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Medical malpractice claims increase for nurses

On Behalf of | Feb 11, 2016 | Medical Malpractice

Doctors are not the only ones who face medical malpractice claims in Louisiana. A recent report by the Nurses Service Organization (NSO) shows that more than $90 million has been paid in nurses’ malpractice claims over five years. Registered nurses, licensed practical nurses and licensed vocational nurses were all included in the report.

Close to 85 percent of nurses facing medical malpractice claims have been practicing for at least 16 years. However, nurses with three to five years of experience had the largest indemnity payments. Nurses who trained outside of the United States are more likely to face a medical malpractice claim than nurses who were trained in the United States.

As for the field of work, nurses who worked in high-risk areas are more likely to face malpractice lawsuits. The highest percentage of lawsuits, 36 percent, were against those who work in the adult medical/surgical field.

The highest indemnity payments were among nurses in the aesthetics/cosmetics field. And, a large number of the malpractice allegations against the nurses were also involved in the treatment and assessment of patients. In fact, nurses who fail to use patient notes face more claims than those that do.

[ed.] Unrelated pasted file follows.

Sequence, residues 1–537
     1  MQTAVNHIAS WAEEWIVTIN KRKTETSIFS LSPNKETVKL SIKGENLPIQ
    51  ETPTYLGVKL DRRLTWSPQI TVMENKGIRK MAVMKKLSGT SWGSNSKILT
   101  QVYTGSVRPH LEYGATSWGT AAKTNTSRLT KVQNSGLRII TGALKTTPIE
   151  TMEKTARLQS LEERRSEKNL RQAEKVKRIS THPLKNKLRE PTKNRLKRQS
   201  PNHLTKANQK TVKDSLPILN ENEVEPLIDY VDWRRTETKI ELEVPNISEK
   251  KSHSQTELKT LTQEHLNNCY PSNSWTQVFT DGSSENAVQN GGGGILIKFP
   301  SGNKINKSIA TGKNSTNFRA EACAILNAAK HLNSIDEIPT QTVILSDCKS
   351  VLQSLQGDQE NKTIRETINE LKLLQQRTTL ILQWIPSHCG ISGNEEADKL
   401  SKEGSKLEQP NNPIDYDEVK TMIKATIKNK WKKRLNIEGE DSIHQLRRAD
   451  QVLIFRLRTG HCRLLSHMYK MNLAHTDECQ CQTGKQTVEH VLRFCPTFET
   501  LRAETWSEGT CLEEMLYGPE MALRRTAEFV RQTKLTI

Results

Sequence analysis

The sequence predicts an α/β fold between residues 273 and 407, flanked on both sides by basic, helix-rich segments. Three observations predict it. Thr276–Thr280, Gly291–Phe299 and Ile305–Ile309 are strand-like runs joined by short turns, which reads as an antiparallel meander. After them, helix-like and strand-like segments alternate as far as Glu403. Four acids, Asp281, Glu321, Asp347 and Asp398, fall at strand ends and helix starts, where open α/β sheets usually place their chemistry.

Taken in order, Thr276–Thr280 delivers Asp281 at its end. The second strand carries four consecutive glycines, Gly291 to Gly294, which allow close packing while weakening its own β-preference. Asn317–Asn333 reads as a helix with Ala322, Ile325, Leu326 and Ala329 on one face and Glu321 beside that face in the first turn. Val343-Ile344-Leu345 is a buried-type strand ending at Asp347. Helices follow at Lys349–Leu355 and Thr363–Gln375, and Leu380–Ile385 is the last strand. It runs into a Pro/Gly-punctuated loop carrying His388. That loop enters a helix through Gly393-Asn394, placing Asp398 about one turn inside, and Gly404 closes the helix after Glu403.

Technology can also play a role in how successful a nurse is in avoiding malpractice claims. Those who have access to clinical information at work have lower indemnity payments than others.

Doctors, nurses, medical professionals and even the hospitals themselves can face medical malpractice lawsuits. Those in the medical field are required to make sure that their patients are treated with a certain level of care. Failure to do so may cause the patient serious injury.

For those facing the consequences of such a failure, understanding the law can become paramount to pay for their ever increasing medical bills. Accordingly, consulting an attorney may help.

Source: Property Casualty 360, “Nursing malpractice claims increase,” Patricia Harman, Feb. 1, 2016


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